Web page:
Fiberoptic oral intubation with flexible fiberoptic endoscope is a useful technique for establishing an airway in patients with abnormal upper airway anatomy, cervical immobilization, or awake intubations with preservation of the patient’s respiratory drive to when it is desirable to maintain spontaneously breathing during the intubation. Unlike endoscope or blind nasotracheal intubations, an oral approach can be more challenging because the scope must make a sharp turn in the posterior oropharynx before entering the hypopharynx. During nasotracheal intubation, the scope can make the turn in the nasopharynx and take a straight path towards the trachea.

It is key that patient is adequately anesthetized. Sedation with medications that allow spontaneous breathing and allow the patient to protected the airway are useful, avoiding deep sedation and paralytics as used in RSI. These can include ketamine, droperidol, dexmedetomidine, etc.

Oral Airways for Intubation

Since the patient is generally in an upright position, the tongue, mandible soft tissues can fall backwards obstructing the airway. This can make passage of the fiberoptic scope difficult. This can be improved with a jaw thrust, but is facilitated greatly by the use of a specialized intubating oral airway.

There are three available oral guides (bite protectors) including the Williams airway (shown below), Berman airway, and Ovassapian airway. They are all specifically designed for oral fiberoptic intubation to guide the fiberoptic scope and endotracheal tube around the oropharynx and keep the tongue and hypopharyngeal tissue from obstructing the trachea. The airways also protect the scope from being damaged if the patient bites down. The Williams airway comes in a 9cm “female” size and 10cm “male” size. Well lubricated, a 6.5 ETT can pass through either. Remember, after you have intubated, you must remove the 15mm adaptor to be able to remove it.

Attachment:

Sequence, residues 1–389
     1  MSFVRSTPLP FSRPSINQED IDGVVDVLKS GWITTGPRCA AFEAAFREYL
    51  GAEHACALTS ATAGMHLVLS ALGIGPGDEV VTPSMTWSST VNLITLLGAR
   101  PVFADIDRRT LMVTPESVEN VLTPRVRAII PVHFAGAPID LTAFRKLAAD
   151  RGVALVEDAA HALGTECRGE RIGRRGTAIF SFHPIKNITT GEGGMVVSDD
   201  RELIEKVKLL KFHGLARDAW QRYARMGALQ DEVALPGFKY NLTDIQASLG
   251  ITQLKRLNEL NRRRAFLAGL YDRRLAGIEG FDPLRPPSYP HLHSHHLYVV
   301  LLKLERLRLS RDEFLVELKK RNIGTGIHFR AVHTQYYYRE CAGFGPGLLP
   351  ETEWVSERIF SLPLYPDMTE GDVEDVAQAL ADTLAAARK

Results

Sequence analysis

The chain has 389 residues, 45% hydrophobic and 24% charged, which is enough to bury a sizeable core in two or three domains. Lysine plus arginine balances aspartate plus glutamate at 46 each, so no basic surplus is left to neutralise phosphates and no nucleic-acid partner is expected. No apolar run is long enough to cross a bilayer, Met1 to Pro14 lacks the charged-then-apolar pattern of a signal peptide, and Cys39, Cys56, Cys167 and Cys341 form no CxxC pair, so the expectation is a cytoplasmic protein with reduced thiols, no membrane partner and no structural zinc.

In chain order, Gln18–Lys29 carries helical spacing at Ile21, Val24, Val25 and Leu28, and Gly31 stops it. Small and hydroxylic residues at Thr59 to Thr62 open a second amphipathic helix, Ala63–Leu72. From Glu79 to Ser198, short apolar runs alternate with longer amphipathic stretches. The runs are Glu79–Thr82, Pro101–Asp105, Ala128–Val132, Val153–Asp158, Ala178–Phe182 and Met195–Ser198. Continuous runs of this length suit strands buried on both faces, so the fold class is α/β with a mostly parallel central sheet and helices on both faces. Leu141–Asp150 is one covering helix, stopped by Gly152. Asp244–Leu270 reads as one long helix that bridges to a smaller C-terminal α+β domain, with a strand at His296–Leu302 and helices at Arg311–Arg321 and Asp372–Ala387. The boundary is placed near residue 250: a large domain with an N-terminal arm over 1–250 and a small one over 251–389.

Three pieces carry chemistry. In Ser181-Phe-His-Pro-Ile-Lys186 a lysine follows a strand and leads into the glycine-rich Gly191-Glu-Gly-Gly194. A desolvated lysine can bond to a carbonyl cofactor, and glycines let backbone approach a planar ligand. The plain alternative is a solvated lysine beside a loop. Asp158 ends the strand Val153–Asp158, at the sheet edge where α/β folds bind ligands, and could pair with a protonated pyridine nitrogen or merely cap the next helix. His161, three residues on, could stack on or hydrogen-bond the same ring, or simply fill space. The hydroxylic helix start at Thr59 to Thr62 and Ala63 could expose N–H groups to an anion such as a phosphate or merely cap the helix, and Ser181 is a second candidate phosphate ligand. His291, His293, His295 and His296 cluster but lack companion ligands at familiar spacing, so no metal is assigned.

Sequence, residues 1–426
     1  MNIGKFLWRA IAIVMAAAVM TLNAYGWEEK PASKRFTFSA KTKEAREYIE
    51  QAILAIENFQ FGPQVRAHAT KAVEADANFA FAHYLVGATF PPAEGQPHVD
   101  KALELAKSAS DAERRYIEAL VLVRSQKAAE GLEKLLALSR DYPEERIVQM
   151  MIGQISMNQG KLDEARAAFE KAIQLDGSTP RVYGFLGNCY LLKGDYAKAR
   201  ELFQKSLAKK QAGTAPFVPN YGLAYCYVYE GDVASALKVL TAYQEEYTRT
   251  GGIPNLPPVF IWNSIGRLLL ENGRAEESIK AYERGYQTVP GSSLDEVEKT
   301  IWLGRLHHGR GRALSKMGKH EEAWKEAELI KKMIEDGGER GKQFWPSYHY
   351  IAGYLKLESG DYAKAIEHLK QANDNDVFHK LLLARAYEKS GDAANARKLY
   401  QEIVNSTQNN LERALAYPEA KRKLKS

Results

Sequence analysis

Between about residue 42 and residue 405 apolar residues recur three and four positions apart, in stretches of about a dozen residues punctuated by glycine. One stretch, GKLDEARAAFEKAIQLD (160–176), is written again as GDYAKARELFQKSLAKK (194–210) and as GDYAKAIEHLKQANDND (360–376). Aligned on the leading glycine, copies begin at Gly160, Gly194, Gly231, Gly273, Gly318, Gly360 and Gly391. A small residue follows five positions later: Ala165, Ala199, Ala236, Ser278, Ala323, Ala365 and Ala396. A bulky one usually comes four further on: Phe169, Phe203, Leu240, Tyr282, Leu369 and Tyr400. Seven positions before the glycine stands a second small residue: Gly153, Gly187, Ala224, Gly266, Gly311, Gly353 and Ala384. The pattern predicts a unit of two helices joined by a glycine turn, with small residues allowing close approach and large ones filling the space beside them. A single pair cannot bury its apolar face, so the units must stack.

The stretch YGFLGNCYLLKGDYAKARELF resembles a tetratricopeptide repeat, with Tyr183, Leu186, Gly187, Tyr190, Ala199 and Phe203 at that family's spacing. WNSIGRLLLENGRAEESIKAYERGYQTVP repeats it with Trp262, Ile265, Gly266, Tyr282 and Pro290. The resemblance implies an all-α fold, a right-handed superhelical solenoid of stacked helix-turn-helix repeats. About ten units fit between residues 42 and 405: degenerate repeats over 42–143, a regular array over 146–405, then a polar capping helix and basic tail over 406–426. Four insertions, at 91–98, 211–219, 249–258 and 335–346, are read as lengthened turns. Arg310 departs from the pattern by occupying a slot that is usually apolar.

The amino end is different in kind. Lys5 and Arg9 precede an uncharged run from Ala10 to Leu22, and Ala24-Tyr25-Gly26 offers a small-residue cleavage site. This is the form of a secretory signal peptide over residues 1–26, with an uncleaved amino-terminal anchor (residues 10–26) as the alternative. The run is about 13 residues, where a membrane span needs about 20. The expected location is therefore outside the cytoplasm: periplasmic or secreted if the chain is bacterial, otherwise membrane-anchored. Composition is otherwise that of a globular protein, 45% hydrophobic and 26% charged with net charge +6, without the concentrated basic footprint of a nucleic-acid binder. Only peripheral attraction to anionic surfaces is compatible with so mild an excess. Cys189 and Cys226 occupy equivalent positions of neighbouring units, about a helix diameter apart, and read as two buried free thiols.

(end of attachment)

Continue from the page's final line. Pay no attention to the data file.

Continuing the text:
Williams Airway for Fiberoptic Oral Intubation


  • Sedative medication
  • Fiberoptic scope (eg bronchoscope)
  • Lidocaine 4% cream and tongue blade
  • Lidocaine nebulization
  • Appropriately sized endotracheal tube
  • Williams airway
  • 10 mL syringe
  • Securing device for endotracheal tube
  • Capnography monitor / Colorimetric device
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